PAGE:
Product Review: The Liberty Bell

Is it an iron mushroom? Is it a bell? It’s heavy! What is it? It’s a LibertyBell and it’s not a gimmick. Turns out this crazy looking thing is a great way to build grip, strength, and cardio.

libertybell, kettlebell, grip strength, grip training, liberty bell, blue chip

What appears to be a giant mushroom of iron, the LibertyBell, is a training tool with novel design and “old school” strength training application. At first glance, even the most experienced trainers and athletes will wonder, “What’s it for?” LibertyBells aren’t short of versatility, however, so any bewilderment about what to use them for can be answered with a long list of movements.

The LibertyBells I tested were 24lbs each. Their upside-down mushroom appearance can also be likened to a bell, thus the obvious connection to the name. This grip intensive tool is essentially an iron bowl with much of the weight distributed in the lip of the bowl. Welded firmly in the center of the bowl is a stem of seamless iron that extends up through the open face of the bowl, which aesthetically represents the clapper portion of a church bell and functions as the handle.

libertybell, kettlebell, grip strength, grip training, liberty bell, blue chipThe creator of LibertyBell is on to something, in my opinion, with the position that “old-fashioned” strength building has validity in regards to both performance and value in the market place. A phrase the folks at LibertyBell have been throwing around really sat well with me: “If you can’t grip it, you can’t lift it.” I think the LibertyBell can stand up as a respectable training tool because it demands grip strength without taking the roll of a grip-strength-only tool. The hang power clean, for example, also develops/requires grip strength, but has much larger training application than say a Captains of Crush gripper. As such, there’s an authentic feel to strength training with LibertyBell that I respect.

Athletes or trainers who take the plunge with a LibertyBell or two can expect to add many options to their training sessions. LibertyBells can be used in a variety of ways including swinging (like a kettlebell), pressing (bench or standing), Olympic lift variations, and even overhead squats. A surprising find for me was the LibertyBell’s ability to recruit, and in my case, expose strength in the thumb.

Some may wonder what the difference is, and if one is already doing the same movements with other implements then why not just continue to perform them with their usual tool (i.e. barbell, kettlebell, dumbbell, etc)? To answer this the people behind the LibertyBell have done some homework with relevant coaches and researchers to study LibertyBells in action. One study of thirteen athletes from Southeastern Louisiana University contrasting training sessions with LibertyBells and kettlebells yielded positive results. The study found that training with LibertyBells showed increased heart rates as compared to kettlebells, and that the perception of exertion was higher. I’d encourage folks not to overlook the power of perception that this study shed light on. Mental adaptions in training, especially in athletes, have great value.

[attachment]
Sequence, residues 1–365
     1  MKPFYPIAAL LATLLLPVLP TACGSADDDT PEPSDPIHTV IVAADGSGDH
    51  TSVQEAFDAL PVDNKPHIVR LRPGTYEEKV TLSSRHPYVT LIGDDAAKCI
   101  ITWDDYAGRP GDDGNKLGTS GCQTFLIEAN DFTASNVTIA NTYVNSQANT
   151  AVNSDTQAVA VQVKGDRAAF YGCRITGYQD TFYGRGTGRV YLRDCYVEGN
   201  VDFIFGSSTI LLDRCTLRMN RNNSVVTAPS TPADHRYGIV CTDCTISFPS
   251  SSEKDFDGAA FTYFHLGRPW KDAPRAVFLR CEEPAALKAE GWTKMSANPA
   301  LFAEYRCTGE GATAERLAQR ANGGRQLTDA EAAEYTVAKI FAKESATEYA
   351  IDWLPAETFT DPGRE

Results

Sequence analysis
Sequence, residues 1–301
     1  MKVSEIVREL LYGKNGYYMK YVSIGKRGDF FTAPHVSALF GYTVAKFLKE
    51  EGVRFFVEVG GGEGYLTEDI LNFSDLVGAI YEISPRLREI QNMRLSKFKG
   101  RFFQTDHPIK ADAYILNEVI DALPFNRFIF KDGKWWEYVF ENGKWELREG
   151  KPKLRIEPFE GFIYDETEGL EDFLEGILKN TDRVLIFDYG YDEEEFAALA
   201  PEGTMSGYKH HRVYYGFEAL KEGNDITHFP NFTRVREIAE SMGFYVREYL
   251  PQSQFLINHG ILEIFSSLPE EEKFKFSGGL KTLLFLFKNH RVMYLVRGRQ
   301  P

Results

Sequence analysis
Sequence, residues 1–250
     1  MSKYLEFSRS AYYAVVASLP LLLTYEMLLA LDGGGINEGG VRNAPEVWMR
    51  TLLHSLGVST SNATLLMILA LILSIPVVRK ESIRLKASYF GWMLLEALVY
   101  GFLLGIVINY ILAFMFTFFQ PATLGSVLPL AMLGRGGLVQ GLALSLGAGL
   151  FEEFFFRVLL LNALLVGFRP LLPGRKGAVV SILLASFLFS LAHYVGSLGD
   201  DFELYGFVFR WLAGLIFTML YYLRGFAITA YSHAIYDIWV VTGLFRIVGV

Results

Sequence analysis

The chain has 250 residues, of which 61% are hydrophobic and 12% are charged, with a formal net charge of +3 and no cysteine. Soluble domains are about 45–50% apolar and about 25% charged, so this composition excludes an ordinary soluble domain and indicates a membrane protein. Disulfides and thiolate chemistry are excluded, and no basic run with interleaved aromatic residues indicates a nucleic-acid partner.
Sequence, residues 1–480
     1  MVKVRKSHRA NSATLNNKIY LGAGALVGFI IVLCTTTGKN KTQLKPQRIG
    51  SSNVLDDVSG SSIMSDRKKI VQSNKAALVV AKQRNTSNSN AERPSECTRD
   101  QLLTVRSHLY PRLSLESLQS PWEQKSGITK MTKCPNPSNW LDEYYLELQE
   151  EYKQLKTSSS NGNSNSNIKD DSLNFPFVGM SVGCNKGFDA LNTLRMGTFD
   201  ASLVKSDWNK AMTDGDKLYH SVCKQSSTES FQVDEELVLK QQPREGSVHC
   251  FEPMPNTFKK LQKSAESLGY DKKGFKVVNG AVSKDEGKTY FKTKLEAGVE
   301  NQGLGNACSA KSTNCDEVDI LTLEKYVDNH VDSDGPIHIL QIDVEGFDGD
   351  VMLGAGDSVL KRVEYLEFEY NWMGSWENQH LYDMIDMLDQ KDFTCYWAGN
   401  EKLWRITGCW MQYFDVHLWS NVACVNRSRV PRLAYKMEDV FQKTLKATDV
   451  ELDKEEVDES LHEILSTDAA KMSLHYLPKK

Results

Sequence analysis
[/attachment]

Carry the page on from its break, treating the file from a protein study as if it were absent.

libertybell, kettlebell, grip strength, grip training, liberty bell, blue chipAnother difference maker lies in the shape and structure of LibertyBells. The users ability to reach in and grab the LibertyBell’s knob-like handle allows for a freer, more natural arm position from the hand to the shoulder. The obvious hand positioning restriction on a barbell in an overhead lift, for example, makes working around injuries or immobility more difficult. The same is true of the displacement of a kettlebell in the hand. In contrast, the radial dispersion of weight combined with the freedom of the knob grip in a LibertyBell is a brilliant escape from the aforementioned restrictions.

Positioned as a tool to further expand the variation of fundamental lifts and strength training, the LibertyBell is both authentic and effective. Its novelty is a hurdle, however. In my opinion, given the perspective of it’s creators and practical application, it doesn’t enter the category of being a fitness “gimmick,” but I do think there are a few things that might stand in the way of adoption from athletes and trainers. Without the extensive wealth of (common) knowledge surrounding barbell, kettlebell, and dumbbell training, unfortunately many prospective users won’t ever get past the original question, “What’s it for?” These simple issues are nothing time and education can’t remedy, of course.

I personally am glad I got past the initial bewilderment of what to do with my first LibertyBell and had the resources to take on a few training sessions with them. They will surprise you in a refreshing way once you can get down to work with them.

LibertyBells are available online at for $75.00

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